Ruth Krindle - Implementation Advisor
Ruth Krindle was born and raised in Winnipeg. She attended a number of public schools
in Winnipeg’s North End, completing her high school in 1959. She then took two years
of arts at United College and entered the Manitoba Law School, receiving her LLB from
the University of Manitoba in 1967. She was called to the Bar of Manitoba in 1968.
Upon receiving her call, she practiced labour law until 1971, when she was appointed a
prosecutor with the Manitoba Department of the Attorney General, the first woman in
Manitoba to hold such a position. In 1976, she was named chair of the Manitoba Labour
Board. In 1977 she returned to private practice in partnership with Reg Tolton. Her
practice consisted largely of chairing private labour arbitrations, although she did some
defense work. In 1980, she was appointed to the County Court of Winnipeg and, in
1984, to the Manitoba Court of Queen’s Bench. She was the first woman in Manitoba to
be appointed a judge by the Government of Canada. As a trial judge, she presided over
numerous lengthy, complex criminal trials.
While a judge, she was highly involved in legal education for law students, lawyers and
judges. Working with Prof. Lee Steusser, she helped to establish the advocacy course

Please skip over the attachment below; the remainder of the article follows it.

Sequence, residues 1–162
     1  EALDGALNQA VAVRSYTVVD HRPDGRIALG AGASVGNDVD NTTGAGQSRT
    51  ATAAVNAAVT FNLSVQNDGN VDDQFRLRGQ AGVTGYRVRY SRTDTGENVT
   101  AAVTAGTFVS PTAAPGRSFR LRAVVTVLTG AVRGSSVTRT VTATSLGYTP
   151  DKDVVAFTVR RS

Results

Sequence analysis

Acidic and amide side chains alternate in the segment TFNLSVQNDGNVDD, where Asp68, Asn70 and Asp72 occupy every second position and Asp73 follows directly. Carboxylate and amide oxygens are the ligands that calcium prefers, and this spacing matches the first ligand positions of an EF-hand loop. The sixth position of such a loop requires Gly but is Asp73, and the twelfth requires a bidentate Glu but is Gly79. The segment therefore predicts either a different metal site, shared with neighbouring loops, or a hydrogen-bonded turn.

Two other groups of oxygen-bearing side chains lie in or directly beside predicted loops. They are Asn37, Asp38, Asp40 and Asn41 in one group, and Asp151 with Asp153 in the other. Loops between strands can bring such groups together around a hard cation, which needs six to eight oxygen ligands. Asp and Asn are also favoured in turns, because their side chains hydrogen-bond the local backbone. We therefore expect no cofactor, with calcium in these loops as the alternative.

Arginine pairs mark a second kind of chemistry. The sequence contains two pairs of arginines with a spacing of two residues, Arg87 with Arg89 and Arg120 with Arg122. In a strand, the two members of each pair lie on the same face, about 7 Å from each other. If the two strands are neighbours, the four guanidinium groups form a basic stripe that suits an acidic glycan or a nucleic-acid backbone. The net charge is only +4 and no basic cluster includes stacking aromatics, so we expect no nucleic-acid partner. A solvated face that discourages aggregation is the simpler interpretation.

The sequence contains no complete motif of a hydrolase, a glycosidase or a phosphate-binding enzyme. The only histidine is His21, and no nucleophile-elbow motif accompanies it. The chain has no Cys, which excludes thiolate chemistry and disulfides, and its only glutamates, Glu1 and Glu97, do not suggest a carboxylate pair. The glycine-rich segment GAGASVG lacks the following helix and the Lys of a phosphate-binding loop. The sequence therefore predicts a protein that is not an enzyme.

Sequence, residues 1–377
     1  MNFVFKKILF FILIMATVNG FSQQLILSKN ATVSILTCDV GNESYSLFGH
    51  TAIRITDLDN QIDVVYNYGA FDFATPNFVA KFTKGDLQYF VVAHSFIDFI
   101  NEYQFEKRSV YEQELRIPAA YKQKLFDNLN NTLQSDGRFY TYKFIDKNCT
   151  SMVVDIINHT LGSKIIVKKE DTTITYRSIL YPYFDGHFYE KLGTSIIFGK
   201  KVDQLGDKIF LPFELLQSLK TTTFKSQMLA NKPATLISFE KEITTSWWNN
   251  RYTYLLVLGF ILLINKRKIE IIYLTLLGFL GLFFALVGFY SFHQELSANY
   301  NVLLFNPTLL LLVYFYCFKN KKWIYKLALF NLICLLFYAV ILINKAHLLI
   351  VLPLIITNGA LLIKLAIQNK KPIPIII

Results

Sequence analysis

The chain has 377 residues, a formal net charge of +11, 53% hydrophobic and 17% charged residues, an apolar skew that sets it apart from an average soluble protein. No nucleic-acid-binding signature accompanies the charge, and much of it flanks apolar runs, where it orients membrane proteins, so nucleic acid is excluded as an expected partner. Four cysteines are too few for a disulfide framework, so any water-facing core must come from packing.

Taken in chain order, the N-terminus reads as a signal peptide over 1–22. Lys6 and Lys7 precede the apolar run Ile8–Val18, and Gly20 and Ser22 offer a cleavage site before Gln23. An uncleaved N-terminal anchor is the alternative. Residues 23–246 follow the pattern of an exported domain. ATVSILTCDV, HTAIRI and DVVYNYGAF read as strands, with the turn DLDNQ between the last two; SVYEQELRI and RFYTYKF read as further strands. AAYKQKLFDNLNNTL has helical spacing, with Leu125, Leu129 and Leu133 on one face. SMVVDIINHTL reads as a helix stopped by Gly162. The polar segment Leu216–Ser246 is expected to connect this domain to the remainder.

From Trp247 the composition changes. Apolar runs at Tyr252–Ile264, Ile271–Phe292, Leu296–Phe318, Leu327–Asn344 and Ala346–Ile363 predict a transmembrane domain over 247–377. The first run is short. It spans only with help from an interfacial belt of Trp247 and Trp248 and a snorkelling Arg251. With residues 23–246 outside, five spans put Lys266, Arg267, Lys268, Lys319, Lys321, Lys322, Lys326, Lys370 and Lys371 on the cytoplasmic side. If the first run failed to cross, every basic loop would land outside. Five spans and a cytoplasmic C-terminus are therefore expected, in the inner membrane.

at the University of Manitoba. She taught criminal law at the law school for many years.
With Chief Justice Scott, she co-chaired the Intensive Advocacy Course offered by the
Law Society of Manitoba at Hecla Island. She also assisted in the development of and
presentation of the advocacy modules put on by the law society as continuing legal
education for the members of the Manitoba bar and has been invited to present those
modules out-of-province, most recently this past fall in Yellowknife. For the National
Judicial Institute and the Canadian Judicial Council, she has presented courses for
judges across Canada on the Charter, criminal evidence and practice, and jury trials.
With Mr. Justice Casey Hill of Ontario she also developed and continues to edit the
National Judicial Institute criminal law e-letter for judges across Canada, both provincial
and federal. She was awarded the Manitoba Bar Association Distinguished Service
Award in 2002 in recognition of her career and acknowledgement of outstanding service
to the legal profession and the community at large.
Krindle retired as a judge in 2002. She continues to edit the criminal law e-letter and is
an active associate director of the National Judicial Institute. By agreement of the
parties, as a pilot project, she was involved in resolving numerous Manitoba Residential
School claims out-of-court. She is the arbitrator under the Northern Flood Agreement
and privately arbitrates other disputes. She is enrolled as a regular, part-time student at
the University of Winnipeg, pursuing her interest in the history of art.